SAN FRANCISCO -- When San Francisco District Attorney George Gascon issued a memo earlier this month declaring the sale of medical marijuana illegal, activists were livid.
But the cannabis community can breathe a sigh of relief: On Wednesday, Gascon reassured reporters that he remains a supporter of the plant.
“I support medical marijuana and I have said that very many times,” the district attorney told the San Francisco Examiner. “This particular brief was crafted three years ago and has been used from time to time by our attorneys. I have already taken steps to take that memo out of circulation.”
Gascon's office originally issued the memo in response to the arrest of a medical marijuana delivery woman selling wares on behalf of Mr. Nice Guy, a Haight Ashbury dispensary that shuttered its storefront late last year. According to CBS News, police officers seized more than 100 bags of marijuana and hashish, 48 edibles and more than $600 from the woman.
Mr. Nice Guy closed down as a result of the Obama administration's renewed fight against medical marijuana in California last fall. Since the justice department began aggressively targeting cannabis clubs throughout the state, a number of shops in San Francisco have shut down, and many more have received threatening letters from U.S. Attorney Melinda Haag. Haag cites the dispensaries' proximity to schools as her primary justification for the crackdown.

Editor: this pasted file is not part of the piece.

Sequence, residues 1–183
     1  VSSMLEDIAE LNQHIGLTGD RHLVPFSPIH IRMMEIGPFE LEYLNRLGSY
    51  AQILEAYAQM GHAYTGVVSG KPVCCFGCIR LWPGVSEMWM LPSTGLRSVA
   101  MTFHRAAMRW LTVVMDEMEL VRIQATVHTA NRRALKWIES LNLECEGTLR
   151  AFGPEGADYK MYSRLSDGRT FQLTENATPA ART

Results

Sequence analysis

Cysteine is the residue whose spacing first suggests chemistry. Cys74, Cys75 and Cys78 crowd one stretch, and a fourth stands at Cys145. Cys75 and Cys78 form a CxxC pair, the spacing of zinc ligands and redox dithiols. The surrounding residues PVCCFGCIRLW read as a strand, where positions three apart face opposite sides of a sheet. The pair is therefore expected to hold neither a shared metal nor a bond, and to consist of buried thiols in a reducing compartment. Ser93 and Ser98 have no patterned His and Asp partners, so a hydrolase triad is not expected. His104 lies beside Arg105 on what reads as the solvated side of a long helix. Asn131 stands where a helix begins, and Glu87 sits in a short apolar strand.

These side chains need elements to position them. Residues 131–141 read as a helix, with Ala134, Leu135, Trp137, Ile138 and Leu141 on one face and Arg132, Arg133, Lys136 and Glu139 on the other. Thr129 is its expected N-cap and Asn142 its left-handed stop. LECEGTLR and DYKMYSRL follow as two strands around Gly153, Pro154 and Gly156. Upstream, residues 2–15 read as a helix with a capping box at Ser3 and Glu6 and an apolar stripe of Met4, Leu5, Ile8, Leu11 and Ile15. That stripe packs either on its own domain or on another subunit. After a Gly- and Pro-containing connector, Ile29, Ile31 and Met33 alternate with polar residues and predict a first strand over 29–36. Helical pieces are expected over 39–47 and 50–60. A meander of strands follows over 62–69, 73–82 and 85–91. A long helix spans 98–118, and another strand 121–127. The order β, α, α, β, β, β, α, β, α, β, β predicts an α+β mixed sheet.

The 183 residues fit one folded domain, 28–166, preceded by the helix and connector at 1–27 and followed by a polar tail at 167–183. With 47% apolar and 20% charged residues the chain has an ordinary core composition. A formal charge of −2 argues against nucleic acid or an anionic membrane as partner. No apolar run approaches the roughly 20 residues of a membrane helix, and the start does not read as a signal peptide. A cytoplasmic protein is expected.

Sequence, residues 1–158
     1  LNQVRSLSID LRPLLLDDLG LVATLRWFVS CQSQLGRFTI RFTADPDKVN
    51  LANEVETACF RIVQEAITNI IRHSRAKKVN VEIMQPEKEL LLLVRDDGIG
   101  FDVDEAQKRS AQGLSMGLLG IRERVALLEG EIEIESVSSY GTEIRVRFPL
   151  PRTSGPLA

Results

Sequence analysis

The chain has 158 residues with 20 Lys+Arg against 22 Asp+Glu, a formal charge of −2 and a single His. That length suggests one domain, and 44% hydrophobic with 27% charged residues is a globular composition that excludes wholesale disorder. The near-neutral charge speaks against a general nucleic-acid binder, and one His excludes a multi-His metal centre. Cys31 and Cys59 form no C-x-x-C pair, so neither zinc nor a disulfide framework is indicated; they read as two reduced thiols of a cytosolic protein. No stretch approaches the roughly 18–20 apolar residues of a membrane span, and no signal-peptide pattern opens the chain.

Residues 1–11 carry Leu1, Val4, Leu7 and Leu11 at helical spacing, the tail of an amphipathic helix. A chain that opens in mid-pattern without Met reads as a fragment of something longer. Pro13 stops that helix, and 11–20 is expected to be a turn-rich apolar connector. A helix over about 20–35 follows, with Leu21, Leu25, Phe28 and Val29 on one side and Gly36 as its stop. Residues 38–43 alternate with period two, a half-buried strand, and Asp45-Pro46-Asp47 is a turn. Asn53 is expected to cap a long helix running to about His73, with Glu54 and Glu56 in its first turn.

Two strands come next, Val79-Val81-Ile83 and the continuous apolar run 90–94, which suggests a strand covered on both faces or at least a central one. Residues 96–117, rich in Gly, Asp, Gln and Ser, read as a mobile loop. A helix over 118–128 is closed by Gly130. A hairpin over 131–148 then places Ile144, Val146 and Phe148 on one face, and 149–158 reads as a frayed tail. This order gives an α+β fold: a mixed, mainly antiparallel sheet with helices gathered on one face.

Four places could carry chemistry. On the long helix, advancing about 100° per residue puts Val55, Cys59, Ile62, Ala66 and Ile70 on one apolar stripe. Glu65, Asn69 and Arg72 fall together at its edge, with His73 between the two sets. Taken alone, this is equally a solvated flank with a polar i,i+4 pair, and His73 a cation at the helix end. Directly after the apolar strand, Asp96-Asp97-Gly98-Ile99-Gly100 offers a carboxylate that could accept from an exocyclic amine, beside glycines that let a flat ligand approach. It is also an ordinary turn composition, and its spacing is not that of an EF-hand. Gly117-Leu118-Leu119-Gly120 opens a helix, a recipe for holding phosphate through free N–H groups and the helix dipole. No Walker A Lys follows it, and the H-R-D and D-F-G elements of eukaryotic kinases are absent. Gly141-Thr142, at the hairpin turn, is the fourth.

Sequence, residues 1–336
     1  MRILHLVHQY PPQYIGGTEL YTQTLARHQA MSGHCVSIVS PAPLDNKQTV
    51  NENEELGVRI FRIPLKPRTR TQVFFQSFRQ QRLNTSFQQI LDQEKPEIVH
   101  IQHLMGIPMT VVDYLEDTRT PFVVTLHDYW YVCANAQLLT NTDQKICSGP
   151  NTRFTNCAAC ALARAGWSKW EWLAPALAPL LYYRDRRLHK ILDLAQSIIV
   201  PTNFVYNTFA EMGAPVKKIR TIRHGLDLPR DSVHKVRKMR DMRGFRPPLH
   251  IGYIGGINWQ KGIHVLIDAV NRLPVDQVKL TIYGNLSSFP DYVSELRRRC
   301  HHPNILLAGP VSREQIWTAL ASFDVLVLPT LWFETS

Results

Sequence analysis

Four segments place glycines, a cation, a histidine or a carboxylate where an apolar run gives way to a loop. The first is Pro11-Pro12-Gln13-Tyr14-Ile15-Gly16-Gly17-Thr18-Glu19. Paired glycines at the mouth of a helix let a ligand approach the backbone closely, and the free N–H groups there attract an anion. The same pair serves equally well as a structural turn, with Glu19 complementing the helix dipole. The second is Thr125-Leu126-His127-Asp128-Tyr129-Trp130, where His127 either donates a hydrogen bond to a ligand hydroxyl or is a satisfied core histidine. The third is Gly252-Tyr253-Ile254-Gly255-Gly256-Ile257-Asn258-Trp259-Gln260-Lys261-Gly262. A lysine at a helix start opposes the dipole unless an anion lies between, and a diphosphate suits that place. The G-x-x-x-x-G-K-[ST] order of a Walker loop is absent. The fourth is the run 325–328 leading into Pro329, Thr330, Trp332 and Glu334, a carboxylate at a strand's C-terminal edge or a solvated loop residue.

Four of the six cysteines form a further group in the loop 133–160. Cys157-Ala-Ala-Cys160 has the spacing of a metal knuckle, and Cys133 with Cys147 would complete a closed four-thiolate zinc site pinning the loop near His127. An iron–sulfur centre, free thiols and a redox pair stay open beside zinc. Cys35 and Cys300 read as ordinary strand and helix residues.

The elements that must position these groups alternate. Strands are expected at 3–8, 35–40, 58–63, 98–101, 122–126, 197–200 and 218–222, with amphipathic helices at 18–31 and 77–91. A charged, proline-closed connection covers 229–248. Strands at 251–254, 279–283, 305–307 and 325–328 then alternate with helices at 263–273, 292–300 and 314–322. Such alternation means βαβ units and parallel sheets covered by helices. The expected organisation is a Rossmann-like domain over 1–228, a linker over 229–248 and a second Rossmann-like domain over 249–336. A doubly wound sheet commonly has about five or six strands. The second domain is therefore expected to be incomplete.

Medical marijuana activists believe their community is being singled out by the federal government unjustly. "Its a total waste of federal resources," Stephanie Tucker, spokesperson for the San Francisco medical cannabis task force, told The Huffington Post. "Theyre attacking a peaceful, regulated community, and it's wasting money. Shame on them."
But if the movement has enemies in Washington, they can at least successfully claim one more ally on the homefront. Gascon told CBS all charges against the delivery woman in question would be dropped if the patient she was visiting has legitimate medical marijuana credentials and she was working on behalf of a licensed club.
"Dealing with marijuana is not a priority for this office," he said.
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